It’s common to have mood swings in pregnancy.
Our hormones are, not so literally, sprawled across the floor in a tangled mess that even the most expert of puzzle makers could unravel. We are the Christmas tree lights thrown into the bottom of the box when we said, “we’ll deal with that next year.”
So far, fourteen weeks into this pregnancy, I’ve had very valid and legitimate reasons to cry.
I’ve cried through the fear and the panic of thinking we were losing this baby. I’ve cried over the worry and anxiety of literally believing I had to try to hold this baby in. I know, a ridiculous thought, but that’s what it felt like. And yet, it seems, the last few weeks that I am able to open the flood gates for well… anything. And a second later, I want to sing from the rooftops my joy and excitement. A euphoria that inevitably comes crashing down. The ups and downs of pregnancy emotions can be difficult to deal with. Especially when those around you don’t understand or appreciate how much of a rollercoaster pregnancy is.
We know this rollercoaster of emotional chaos is not our norm but that doesn’t make it any less real or any easier to deal with. It’s not as though we can say, “oh it’s hormones” and switch off the waterworks and plump ourselves up into a happy positive demeanour.
So far I have cried at the most stupidest of things, either completely unrelated to me or something I would never normally cry at.
Watching Ellen DeGeneres receiving the medal of freedom from Barack Obama – bawled like a baby as I watched Ellen’s chin quiver.
Seeing how The Queens coronation played out on Netflix’ The Crown. Something about it being the first televised coronation moved me… WTF?
The Gilmore Girls reunion trailer…. yes just the trailer. The actual series didn’t move me at all!
(yes I watch a decent amount of TV)
While putting the Christmas tree up and seeing how happy our little girl was. I should have been swelling with pride and love instead my heart was in my boots for some ridiculous reason.
Eating the last bite of the pitta bread which I was seriously enjoying. I ran out of pitta bread and hummous. Devastated!
When my consultant told me I will be scheduled for a cesarean section. Ok, I can possibly be forgiven for this one.
Seeing my husband come home late from work one night, tired and worn out but eager to play with our daughter before her bedtime. I felt so guilty that he was so tired but still gave her all the time and energy he could.
Every single Christmas ad out there! I love Christmas, I love the ads. But bawling crying at them?? Especially the Lidl ad, dear God!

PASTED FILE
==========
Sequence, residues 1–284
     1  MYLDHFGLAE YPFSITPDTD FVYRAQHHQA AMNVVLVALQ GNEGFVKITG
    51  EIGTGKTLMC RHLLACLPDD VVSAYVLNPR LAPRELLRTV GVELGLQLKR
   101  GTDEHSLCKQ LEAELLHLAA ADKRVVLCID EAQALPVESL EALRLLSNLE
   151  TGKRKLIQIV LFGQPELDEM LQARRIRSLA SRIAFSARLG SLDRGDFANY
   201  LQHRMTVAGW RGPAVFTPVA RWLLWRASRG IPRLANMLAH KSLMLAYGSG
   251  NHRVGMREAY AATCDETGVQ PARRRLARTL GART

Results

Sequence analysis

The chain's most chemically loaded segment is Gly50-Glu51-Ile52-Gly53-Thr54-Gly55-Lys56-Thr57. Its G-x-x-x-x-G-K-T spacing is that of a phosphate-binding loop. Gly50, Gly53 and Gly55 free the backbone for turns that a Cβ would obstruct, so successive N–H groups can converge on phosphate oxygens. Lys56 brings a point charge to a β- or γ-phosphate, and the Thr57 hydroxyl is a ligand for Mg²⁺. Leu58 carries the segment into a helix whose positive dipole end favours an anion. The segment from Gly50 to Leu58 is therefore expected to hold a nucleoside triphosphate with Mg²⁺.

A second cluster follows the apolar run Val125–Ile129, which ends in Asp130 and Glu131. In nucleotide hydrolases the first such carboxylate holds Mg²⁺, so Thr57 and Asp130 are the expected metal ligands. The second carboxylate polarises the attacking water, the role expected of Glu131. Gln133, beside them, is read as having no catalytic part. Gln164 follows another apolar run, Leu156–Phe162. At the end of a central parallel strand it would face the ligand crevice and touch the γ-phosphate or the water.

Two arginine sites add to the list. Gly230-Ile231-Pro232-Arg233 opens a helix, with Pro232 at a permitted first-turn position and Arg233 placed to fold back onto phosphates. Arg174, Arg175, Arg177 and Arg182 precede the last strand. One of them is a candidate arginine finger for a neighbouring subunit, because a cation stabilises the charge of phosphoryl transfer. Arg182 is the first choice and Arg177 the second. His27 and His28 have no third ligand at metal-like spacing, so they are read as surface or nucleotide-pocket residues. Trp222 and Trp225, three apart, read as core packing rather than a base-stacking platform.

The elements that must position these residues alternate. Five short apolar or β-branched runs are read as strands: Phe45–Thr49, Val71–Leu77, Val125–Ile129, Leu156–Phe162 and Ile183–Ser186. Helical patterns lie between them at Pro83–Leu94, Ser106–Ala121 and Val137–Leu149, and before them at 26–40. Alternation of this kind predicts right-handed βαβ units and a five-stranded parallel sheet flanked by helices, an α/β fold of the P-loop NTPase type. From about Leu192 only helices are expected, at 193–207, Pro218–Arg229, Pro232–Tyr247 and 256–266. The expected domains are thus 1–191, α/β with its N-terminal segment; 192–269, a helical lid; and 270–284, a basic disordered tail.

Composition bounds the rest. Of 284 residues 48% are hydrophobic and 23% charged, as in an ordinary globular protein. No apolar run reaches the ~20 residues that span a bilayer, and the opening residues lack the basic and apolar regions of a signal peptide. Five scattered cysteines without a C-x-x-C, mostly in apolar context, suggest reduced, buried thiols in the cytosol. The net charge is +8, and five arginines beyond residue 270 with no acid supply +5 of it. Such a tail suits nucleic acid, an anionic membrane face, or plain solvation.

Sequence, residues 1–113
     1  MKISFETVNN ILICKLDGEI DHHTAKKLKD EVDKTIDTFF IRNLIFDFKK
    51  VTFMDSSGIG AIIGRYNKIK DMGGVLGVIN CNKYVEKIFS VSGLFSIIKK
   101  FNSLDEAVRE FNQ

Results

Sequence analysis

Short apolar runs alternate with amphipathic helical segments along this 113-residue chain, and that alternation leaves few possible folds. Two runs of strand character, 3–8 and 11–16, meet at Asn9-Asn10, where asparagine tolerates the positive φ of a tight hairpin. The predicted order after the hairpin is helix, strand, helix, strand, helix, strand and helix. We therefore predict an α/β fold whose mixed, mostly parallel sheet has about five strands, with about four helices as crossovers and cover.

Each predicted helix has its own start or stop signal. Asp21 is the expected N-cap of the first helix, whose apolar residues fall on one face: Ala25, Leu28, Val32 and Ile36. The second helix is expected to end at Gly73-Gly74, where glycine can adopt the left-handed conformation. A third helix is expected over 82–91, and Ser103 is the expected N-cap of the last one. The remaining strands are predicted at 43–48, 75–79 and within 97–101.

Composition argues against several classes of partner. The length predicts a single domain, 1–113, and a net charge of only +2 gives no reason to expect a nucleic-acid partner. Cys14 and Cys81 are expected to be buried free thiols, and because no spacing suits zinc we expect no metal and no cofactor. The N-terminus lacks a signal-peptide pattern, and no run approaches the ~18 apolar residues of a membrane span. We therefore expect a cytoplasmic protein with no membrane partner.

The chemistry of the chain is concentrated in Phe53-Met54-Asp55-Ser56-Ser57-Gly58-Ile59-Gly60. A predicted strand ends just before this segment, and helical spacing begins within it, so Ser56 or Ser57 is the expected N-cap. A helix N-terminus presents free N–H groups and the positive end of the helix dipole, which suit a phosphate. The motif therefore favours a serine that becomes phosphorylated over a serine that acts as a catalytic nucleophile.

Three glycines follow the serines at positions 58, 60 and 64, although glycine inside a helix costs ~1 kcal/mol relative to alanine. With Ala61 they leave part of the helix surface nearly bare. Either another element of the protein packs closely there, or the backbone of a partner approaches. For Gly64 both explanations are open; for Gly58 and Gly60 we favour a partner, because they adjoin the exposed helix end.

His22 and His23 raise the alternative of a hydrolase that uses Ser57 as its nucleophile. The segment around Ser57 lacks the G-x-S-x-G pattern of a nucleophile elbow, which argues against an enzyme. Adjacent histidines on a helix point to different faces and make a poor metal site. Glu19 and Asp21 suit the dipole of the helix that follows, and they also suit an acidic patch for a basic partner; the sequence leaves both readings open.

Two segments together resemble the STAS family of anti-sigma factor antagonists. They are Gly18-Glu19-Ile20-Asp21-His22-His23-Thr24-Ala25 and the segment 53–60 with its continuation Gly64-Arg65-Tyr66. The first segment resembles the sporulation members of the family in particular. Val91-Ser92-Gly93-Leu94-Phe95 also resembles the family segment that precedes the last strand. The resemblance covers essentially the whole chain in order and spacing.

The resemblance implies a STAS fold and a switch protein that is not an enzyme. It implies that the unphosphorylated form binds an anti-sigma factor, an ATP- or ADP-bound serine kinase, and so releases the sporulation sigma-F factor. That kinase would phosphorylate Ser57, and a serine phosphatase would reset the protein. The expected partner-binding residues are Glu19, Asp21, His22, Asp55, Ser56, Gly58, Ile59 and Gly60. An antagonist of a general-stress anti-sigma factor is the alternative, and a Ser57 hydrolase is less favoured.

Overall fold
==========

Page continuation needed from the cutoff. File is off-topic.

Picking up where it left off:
Watching a newborn baby getting her hair washed on Facebook… absolutely one of the cutest things ever but a tear fest? Nope, it was not.
A Christmas wedding proposal for some completely unknown couple to me. Beautiful done at a magical time of year and may potentially pull on any soppy gal’s heart strings… but I sobbed for fifteen minutes after… fifteen minutes!
Mood swings are normal and natural in pregnancy. But that does not mean that you have to suffer through on your own. As I suffered mild postnatal depression after A and due to the emotional upheavel we have gone through with the risk of losing Little Bean the last few weeks, I have already been advised to give our Mental Health Midwife a call. As a precaution.
Right now, I’m thinking, “I’m ok. I know it’s hormones, I can get through this.” But in truth, I also know:
I hate being pregnant – hated it last time, hating it this time
I’m constantly worried about Little Beans health and my own health
I have second child fears that are slowly but surely taking over
All I want to do is sit and eat and close my eyes.
Antepartum Depression, like Postnatal Depression, is very real and unfortunately quite common. Triggers can be emotional upheavel, stress, worry, fear, complications in pregnancy, and history of abuse or trauma.
It absolutely can not be ignored. Self help includes getting good excercise and adequate rest. Eating a proper diet will always help also. Acupuncture has been proven to treat depression positively if you can stand the idea of it, personally it’s not my cup of tea. Support groups and advise from your mental health midwife or care provider will aid you in getting onto the right path and supporting you.
So, I will be making that call. And I will be talking.
First published on http://www.overheavenshill.com/ and reproduced with permission.